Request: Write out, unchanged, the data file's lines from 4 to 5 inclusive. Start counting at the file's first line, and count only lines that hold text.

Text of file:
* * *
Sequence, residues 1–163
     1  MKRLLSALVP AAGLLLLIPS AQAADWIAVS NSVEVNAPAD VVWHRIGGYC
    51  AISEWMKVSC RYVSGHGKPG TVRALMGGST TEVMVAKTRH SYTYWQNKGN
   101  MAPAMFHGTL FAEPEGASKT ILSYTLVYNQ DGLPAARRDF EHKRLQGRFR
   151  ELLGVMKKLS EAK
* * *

   101  MAPAMFHGTL FAEPEGASKT ILSYTLVYNQ DGLPAARRDF EHKRLQGRFR
   151  ELLGVMKKLS EAK